These statistics, as astonishing as they are, do not represent a lone wolf doing as he pleases; they are part of the tactical playbook. Jan Kirchhoff, who played under Guardiola at Bayern Munich, said in 2020: ‘A Pep defender is never just a defender’.

Clearly, the red card had an effect. Leeds saw captain and defensive organiser Liam Cooper sent off in first-half stoppage time, not only depriving the visitors of a man but also lone striker Patrick Bamford, taken off for Pascal Struijk to replace Cooper. 

Stones dribbled a massive 698 metres in Leeds’ half during Saturday’s Premier League clash

Leeds turned to a sort of 4-1-3-1 or 4-1-4, and then forward Tyler Roberts was replaced by another centre back in Robin Koch just after the hour, essentially giving Stones the kind of time and space he is unlikely to experience very often.

But that should not detract from Stones’ remarkable match. He dribbled like a winger up to the opposition penalty area, ducking and diving past would-be tacklers, unafraid to start attacks rather than let another prodigious City talent have a go. 

His passing was also ambitious, with 55 of his 88 total passes going forward, and 53 of those 55 completed. These were not sideways taps of the ball to centre back partner Nathan Ake, but incisive, line-breaking, dangerous forward passes.

Football traditionalists might look at his failure to get close to Helder Costa, Bamford or Dallas in the build-up to Leeds’ opener, or being held off a little easily by the Northern Irishman before the late winner.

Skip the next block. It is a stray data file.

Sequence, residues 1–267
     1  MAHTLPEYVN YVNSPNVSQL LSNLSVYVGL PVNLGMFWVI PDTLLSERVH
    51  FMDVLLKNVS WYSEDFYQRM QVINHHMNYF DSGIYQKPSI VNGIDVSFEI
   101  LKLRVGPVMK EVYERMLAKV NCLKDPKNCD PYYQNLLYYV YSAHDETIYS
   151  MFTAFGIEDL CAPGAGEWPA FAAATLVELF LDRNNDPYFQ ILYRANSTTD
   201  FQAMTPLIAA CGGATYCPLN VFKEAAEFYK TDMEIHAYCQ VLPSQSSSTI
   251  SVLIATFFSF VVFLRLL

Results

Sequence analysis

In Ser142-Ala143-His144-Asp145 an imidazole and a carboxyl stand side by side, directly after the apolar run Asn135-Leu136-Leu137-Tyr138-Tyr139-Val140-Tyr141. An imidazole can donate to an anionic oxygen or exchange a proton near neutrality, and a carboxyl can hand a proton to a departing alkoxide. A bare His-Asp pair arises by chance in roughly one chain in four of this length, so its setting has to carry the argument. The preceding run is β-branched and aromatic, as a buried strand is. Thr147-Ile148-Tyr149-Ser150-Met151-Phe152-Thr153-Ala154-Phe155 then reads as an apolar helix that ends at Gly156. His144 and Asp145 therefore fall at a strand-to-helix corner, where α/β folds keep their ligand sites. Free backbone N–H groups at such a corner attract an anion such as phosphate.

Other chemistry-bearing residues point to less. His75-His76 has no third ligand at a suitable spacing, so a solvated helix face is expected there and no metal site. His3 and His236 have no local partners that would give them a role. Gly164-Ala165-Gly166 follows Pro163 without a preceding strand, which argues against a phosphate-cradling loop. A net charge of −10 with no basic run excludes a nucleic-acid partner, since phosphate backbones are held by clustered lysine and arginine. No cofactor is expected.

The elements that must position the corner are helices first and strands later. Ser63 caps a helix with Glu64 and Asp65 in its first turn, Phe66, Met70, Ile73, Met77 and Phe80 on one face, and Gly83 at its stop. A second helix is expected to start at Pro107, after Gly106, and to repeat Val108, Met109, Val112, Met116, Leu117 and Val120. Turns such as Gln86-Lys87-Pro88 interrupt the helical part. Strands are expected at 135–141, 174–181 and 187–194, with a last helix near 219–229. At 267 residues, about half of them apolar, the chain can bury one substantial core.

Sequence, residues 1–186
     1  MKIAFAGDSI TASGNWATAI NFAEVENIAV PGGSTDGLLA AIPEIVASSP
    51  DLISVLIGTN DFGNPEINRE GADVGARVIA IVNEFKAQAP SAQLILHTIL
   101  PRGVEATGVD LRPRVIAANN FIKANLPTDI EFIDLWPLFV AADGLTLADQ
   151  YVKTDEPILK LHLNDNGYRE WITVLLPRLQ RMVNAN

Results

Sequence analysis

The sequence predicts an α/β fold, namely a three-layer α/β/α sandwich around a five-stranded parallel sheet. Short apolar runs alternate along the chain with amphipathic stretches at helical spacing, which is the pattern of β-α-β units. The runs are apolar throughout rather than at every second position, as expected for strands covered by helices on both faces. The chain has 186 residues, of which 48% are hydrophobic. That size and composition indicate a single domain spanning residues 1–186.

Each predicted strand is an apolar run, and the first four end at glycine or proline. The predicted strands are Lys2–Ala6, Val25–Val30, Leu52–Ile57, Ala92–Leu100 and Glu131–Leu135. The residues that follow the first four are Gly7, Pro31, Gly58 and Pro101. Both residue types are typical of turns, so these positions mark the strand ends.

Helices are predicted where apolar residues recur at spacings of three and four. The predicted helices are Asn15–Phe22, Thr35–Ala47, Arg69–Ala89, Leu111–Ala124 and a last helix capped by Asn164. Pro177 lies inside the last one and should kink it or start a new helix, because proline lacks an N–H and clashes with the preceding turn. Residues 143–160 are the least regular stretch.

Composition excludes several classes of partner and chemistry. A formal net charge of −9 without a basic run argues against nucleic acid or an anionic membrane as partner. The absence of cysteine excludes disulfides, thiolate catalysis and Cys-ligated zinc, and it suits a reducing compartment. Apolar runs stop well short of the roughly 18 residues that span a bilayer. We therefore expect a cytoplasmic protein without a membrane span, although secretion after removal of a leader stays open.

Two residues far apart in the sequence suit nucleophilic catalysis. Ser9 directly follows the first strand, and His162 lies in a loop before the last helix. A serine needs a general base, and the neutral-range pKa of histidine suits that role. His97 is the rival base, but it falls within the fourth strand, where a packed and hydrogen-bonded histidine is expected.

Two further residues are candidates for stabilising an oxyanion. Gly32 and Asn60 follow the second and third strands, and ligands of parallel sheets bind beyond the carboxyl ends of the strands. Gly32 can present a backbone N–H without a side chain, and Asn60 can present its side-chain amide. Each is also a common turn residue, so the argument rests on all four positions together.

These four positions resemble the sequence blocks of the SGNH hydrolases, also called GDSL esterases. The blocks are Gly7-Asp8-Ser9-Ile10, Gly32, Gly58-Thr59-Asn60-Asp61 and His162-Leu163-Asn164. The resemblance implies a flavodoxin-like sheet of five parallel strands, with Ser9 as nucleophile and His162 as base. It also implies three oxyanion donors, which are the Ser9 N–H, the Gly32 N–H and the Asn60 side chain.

Guardiola saw his team end up losing to Marcelo Bielsa’s side, who only had two shots all game

But he should be lauded for his innovative redefinition of what a defender can do and can be

Yet City’s players were desperately going for the game, with centre-back partner Fernandinho marooned in midfield, and Stones well placed in terms of both his field position and also to cut out Ezgjan Alioski’s through ball. As it happens, Dallas out-ran the Brazilian from deep, and Alioski’s ball was on the money. 2-1 from two shots.

The absent Dias, rested for City’s crucial second leg Champions League tie against Borussia Dortmund this week, is hardly a clogger. But Stones is the more expressive of the two, and would also be in the same position alongside his probable England Euros partner Harry Maguire.

Stones was fifth-choice centre-back for his club at points this season and last, out of the England picture, and short of confidence after several high-profile errors. After watching him this weekend, no-one could accuse him of not believing in himself.

Spare a thought for the Leeds centre-backs, with Diego Llorente forced to repel wave after wave of City attacks with Cooper, then Struijk, then Struijk and Koch, who was returning from injury. The Spaniard, in particular, was no less excellent than Stones on his seventh consecutive start after his initial injury struggles.

But the day, if not the result, belonged to Stones; the embodiment of Guardiola’s imagination of what a defender can do and, more importantly, what a defender can be.